OETTINGER v. OETTINGER - 474 U.S. 912 (1985)
U.S. Supreme Court
OETTINGER v. OETTINGER , 474 U.S. 912 (1985)
474 U.S. 912
Leona Gordon OETTINGER.
Supreme Court of the United States
October 21, 1985
The appeal is dismissed for want of a substantial federal question.
Justice WHITE, with whom Justice BRENNAN joins, dissenting.
Appellant Albert Oettinger and appellee Leona Gordon Oettinger were married in Louisiana in 1967. Both had been married before, and both had substantial property of their own at the time of the marriage. Unbeknownst to appellant, at the time of the marriage appellee recorded a declaration of paraphernality under the authority of Article 2386 of the Louisiana Civil Code. This declaration allowed a wife to reserve for herself any fruits from her paraphernal property (nondotal property she brought into the marriage); it also gave her the right to manage such property and the fruits from such property. See La.Civ.Code Ann., Art.
2386 (West 1971).* Under the Louisiana marital property laws in effect at that time, the husband would, absent such a declaration, have the right to manage the fruits of the wife's paraphernal property, and those fruits would thus normally fall into the community property. See La.Civ.Code Ann ., Arts. 2402, 2404 (West 1971).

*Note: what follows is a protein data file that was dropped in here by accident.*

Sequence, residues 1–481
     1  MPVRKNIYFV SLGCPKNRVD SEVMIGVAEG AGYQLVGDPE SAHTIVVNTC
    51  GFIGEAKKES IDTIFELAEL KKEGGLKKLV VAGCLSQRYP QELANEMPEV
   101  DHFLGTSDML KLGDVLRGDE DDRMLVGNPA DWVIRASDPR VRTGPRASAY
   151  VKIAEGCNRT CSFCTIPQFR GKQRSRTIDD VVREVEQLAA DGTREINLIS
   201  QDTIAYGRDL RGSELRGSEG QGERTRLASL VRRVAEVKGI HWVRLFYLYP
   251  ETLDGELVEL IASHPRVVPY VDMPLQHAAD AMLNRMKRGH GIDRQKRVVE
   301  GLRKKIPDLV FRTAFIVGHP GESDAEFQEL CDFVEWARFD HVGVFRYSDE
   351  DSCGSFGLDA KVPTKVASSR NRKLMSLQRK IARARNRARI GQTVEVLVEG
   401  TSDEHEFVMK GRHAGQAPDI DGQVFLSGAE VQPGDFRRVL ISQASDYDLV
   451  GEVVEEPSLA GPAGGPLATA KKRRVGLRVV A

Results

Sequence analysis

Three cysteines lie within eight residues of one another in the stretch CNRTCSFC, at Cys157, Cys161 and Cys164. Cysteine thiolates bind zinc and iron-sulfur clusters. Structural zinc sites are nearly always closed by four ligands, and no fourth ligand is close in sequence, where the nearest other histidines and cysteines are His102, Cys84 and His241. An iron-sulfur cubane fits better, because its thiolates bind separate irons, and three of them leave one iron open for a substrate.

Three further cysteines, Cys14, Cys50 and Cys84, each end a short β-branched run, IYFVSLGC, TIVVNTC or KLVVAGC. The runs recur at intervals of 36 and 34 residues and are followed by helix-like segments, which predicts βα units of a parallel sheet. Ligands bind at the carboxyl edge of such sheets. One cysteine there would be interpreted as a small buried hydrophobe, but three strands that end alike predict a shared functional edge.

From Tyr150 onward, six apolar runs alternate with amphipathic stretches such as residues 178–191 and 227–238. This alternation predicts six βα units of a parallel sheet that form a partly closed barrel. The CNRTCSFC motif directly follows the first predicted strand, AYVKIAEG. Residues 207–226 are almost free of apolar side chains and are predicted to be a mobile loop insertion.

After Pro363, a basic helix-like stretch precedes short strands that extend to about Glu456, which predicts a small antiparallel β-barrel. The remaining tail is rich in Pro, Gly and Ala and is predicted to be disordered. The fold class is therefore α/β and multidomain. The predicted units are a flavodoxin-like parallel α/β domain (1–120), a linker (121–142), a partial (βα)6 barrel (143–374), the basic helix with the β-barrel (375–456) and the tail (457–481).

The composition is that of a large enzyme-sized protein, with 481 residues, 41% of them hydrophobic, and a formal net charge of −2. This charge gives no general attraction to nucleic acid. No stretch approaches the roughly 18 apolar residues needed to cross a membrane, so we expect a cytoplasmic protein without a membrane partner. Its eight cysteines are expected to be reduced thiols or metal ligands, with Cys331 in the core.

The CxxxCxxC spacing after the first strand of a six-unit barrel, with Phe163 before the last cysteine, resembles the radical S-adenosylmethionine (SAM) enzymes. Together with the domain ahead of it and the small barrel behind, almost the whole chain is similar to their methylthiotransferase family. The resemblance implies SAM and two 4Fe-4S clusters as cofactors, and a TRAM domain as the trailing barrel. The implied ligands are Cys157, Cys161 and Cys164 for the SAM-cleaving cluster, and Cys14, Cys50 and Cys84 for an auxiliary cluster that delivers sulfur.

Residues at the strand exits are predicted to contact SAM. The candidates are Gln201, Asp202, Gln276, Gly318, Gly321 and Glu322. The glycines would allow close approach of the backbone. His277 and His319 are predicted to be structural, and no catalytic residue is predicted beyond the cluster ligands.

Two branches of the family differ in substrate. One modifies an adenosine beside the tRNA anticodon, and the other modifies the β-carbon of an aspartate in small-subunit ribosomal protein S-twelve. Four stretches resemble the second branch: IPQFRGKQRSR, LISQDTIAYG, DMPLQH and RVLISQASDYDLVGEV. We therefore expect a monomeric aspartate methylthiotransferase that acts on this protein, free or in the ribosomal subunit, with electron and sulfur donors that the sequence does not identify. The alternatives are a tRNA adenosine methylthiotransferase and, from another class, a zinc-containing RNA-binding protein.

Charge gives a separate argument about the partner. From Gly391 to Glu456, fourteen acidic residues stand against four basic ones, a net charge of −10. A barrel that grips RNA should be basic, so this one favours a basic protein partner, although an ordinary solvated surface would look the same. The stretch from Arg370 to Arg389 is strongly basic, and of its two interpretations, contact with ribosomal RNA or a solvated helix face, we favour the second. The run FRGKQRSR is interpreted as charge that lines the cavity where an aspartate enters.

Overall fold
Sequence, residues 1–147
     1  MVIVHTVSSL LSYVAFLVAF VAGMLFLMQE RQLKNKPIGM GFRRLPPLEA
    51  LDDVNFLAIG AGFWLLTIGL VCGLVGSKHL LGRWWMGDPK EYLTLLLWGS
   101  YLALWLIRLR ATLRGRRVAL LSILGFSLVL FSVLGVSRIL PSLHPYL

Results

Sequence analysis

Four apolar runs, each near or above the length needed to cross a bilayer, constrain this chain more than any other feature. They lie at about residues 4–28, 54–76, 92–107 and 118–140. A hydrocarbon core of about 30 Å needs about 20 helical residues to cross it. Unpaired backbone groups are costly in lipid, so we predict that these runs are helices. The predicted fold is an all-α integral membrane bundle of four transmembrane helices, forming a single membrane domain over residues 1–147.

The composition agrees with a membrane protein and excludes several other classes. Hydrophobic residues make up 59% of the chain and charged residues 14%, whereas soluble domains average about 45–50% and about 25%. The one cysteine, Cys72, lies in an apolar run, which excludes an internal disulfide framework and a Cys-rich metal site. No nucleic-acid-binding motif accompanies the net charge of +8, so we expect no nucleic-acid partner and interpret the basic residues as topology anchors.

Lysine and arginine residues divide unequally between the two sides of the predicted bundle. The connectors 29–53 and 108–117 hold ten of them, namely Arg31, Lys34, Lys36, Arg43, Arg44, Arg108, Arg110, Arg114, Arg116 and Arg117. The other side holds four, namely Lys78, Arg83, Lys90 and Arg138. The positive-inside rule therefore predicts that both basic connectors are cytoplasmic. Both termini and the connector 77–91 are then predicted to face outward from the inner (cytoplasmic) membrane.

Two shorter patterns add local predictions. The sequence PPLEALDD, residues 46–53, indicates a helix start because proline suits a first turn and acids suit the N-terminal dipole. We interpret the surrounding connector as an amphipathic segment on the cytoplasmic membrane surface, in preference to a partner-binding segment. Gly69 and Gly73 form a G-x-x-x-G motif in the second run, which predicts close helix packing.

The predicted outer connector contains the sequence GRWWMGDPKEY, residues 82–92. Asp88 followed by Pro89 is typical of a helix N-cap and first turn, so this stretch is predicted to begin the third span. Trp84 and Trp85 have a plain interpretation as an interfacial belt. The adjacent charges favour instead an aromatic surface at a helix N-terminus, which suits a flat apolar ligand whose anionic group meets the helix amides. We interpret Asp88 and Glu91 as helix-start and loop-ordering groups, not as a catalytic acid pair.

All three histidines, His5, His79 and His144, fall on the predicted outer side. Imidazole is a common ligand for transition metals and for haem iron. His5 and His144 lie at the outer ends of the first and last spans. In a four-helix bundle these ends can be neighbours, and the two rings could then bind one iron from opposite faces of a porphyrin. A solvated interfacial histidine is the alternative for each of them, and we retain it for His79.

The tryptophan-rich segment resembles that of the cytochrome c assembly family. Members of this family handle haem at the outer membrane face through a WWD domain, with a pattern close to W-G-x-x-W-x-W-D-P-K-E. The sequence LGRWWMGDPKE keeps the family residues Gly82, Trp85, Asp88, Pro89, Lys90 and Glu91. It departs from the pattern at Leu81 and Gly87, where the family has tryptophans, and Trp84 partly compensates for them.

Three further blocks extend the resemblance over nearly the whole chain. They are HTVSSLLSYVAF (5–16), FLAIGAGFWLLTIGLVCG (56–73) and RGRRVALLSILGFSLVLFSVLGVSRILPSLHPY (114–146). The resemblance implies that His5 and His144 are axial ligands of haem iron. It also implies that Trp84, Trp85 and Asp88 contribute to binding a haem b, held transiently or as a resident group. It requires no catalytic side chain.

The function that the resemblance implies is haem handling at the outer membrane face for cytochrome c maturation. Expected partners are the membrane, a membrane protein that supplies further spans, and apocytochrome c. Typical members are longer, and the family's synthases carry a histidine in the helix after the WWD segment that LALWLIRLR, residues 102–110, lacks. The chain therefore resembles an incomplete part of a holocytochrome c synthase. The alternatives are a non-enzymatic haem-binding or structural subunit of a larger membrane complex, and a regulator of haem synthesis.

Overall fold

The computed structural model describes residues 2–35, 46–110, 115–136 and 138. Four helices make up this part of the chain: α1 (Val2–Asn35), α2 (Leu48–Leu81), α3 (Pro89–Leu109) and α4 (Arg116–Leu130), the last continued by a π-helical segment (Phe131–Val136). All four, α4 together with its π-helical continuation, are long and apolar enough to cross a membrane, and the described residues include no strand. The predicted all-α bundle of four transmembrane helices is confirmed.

Under Louisiana law at that time, no similar provision existed for the husband. For a husband to reserve the fruits of his separate property to himself, he had to prove that they were separate property; a simple declaration was not possible for him. See La.Civ.Code Ann., Art. 2405 ( West 1971). Thus, although a husband had the right to manage his separate property (because he had the right under law, with certain exceptions, to manage all separate and community property), the fruits from that property that accrued during the marriage would normally become community property.
During their marriage, appellant and appellee attempted to maintain their finances separately. In 1980, they were divorced. In 1982, appellee sued for a partition of former community property and for settlement of the former community. Appellant, mindful of this Court's recent gender-discrimination decisions, see e.g., Orr v. Orr, 440 U.S. 268 (1979), challenged inclusion in the community of the property that he had brought into the marriage and of the fruits from that property on the ground that the Louisiana Civil Code provision that allowed the wife but not the husband to reserve the fruits of such property to herself by a mere declaration of paraphernality was an unconstitutional denial of equal protection. That provision, Article 2386, had been repealed by the [474 U.S. 912 , 914]